Stop reading boring books

If you’re like me, you read for entertainment. Every once in a while, I come across a book that just doesn’t hold my interest. At those times, I feel almost guilty if I stop reading it, especially if it’s a popular book. There are a couple on the 2015 Hugo ballot that fall into that category. Here’s the thing. There’s nothing wrong with stopping. If I’m reading for entertainment and I’m not being entertained, the book isn’t doing it’s job, and I’m wasting my time. I’m not going to name any books in this post. Just because I find something boring doesn’t mean you will. I’m not talking about specific books. I’m talking about continuing to read any book you find boring. There was one book in particular that utterly failed to engage me, and so I stopped reading it about a third of the through. Later, I saw online that someone else saying they’d gotten several chapters into it and didn’t find it particularly interesting. Other people chimed in and told him to stick with it and that it would be worth it. Apparently, the payoff more than 20 chapters in. The said person thought it was a good event but didn’t really justify the book. I have to agree. If a book requires you to be bored for twenty chapters before it gets interesting, to me, it’s a bad book.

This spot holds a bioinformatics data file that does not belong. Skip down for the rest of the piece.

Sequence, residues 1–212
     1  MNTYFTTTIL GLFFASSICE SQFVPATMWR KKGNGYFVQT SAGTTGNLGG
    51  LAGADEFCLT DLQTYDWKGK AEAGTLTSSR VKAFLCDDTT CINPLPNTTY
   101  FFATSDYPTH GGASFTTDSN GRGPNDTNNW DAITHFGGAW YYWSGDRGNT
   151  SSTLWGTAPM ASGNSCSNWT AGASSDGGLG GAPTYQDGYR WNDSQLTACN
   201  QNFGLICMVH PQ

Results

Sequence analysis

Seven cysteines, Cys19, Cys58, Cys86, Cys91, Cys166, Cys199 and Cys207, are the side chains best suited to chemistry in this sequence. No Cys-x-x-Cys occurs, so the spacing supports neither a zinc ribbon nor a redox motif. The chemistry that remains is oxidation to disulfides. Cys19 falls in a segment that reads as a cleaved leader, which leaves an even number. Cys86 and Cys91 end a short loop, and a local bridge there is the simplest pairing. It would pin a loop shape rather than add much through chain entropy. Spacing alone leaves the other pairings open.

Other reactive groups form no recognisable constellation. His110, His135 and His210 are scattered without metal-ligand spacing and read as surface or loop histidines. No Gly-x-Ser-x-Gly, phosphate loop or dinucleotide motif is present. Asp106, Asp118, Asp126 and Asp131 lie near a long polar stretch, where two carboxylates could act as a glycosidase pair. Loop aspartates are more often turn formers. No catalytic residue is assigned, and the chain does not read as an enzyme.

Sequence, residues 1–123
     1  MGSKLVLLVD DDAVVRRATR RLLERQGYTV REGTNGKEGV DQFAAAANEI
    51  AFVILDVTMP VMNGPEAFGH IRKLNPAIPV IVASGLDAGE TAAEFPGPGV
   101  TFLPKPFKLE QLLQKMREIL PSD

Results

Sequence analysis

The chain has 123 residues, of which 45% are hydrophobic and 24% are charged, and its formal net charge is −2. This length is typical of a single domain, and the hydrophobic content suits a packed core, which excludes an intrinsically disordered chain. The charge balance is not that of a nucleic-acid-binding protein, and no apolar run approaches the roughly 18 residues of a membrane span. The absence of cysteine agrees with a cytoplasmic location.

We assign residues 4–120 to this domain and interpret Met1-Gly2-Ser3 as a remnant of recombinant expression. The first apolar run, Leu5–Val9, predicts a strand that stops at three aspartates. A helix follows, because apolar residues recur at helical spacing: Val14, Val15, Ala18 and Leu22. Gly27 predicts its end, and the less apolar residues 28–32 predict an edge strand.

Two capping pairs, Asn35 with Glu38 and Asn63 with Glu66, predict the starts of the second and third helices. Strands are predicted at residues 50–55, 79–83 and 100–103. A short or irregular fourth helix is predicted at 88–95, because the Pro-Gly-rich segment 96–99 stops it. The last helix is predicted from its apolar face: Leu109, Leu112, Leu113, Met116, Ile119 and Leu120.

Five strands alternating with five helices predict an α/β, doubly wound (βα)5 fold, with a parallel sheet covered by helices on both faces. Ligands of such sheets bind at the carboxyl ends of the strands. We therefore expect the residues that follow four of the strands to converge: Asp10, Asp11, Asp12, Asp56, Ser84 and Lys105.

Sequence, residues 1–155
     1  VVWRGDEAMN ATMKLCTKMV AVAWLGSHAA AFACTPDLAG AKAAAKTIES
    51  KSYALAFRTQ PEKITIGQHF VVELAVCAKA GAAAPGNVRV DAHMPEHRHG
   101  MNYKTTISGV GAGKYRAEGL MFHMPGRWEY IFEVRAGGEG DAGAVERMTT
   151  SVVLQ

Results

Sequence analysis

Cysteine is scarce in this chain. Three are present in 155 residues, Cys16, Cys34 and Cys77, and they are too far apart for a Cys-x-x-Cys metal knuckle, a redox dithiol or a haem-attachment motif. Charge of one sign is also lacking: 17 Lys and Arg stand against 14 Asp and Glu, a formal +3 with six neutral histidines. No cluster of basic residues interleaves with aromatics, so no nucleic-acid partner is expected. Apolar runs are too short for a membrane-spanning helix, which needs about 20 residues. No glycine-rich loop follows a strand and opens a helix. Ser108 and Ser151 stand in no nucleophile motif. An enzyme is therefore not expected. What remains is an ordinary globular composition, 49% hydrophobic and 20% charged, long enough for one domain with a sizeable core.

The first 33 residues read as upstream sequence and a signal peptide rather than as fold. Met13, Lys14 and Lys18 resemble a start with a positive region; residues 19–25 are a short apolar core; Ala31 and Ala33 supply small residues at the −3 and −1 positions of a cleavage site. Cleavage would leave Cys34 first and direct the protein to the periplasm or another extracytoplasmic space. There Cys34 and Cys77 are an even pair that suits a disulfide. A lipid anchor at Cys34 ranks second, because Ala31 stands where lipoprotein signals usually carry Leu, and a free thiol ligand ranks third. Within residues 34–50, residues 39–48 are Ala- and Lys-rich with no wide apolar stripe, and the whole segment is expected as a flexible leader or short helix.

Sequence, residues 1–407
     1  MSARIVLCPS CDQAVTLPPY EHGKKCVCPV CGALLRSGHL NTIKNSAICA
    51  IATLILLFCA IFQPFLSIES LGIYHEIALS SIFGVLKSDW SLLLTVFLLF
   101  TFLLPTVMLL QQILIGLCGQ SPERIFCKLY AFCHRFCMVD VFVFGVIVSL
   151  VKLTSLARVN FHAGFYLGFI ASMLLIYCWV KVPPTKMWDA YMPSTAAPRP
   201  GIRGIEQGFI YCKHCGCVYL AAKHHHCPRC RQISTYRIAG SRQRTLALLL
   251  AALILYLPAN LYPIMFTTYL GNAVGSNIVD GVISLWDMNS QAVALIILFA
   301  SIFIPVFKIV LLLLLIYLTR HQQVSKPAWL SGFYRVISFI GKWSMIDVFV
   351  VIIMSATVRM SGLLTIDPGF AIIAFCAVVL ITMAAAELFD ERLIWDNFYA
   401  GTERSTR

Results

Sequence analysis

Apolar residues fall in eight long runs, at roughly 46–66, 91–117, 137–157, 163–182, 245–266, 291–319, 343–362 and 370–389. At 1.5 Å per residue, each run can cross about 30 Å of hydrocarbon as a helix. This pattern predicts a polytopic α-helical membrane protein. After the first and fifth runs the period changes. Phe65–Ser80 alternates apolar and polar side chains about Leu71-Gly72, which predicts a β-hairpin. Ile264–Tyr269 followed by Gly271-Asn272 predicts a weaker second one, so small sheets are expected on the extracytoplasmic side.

Now maybe there’s a particular classic you really want to have read. Certainly, reading Moby Dick is an accomplishment, one that I’ve failed at several times. I’ll probably try again at some point. It’s such an iconic book that I really want to have read it, but it certainly is a dense book. I’m not really reading that for entertainment, though. It’s more research than anything else, but if I’m reading for entertainment, and a book bores me, I put it down. If I’m bored when I want to be entertained, I’m just wasting my time.

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